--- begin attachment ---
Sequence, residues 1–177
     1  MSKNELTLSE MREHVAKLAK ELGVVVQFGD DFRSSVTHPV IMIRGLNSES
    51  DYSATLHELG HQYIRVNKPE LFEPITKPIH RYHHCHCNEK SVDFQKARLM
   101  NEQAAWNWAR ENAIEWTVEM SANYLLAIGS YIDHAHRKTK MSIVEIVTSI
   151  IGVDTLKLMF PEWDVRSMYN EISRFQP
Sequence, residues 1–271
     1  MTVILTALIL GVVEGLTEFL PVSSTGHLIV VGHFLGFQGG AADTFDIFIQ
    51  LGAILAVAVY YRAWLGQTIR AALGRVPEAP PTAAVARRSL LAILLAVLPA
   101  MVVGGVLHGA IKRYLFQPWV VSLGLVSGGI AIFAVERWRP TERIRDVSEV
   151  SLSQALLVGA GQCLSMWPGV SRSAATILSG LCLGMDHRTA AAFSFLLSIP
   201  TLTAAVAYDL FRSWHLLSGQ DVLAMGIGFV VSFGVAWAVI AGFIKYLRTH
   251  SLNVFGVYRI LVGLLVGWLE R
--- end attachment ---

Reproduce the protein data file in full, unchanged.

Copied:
Sequence, residues 1–177
     1  MSKNELTLSE MREHVAKLAK ELGVVVQFGD DFRSSVTHPV IMIRGLNSES
    51  DYSATLHELG HQYIRVNKPE LFEPITKPIH RYHHCHCNEK SVDFQKARLM
   101  NEQAAWNWAR ENAIEWTVEM SANYLLAIGS YIDHAHRKTK MSIVEIVTSI
   151  IGVDTLKLMF PEWDVRSMYN EISRFQP
Sequence, residues 1–271
     1  MTVILTALIL GVVEGLTEFL PVSSTGHLIV VGHFLGFQGG AADTFDIFIQ
    51  LGAILAVAVY YRAWLGQTIR AALGRVPEAP PTAAVARRSL LAILLAVLPA
   101  MVVGGVLHGA IKRYLFQPWV VSLGLVSGGI AIFAVERWRP TERIRDVSEV
   151  SLSQALLVGA GQCLSMWPGV SRSAATILSG LCLGMDHRTA AAFSFLLSIP
   201  TLTAAVAYDL FRSWHLLSGQ DVLAMGIGFV VSFGVAWAVI AGFIKYLRTH
   251  SLNVFGVYRI LVGLLVGWLE R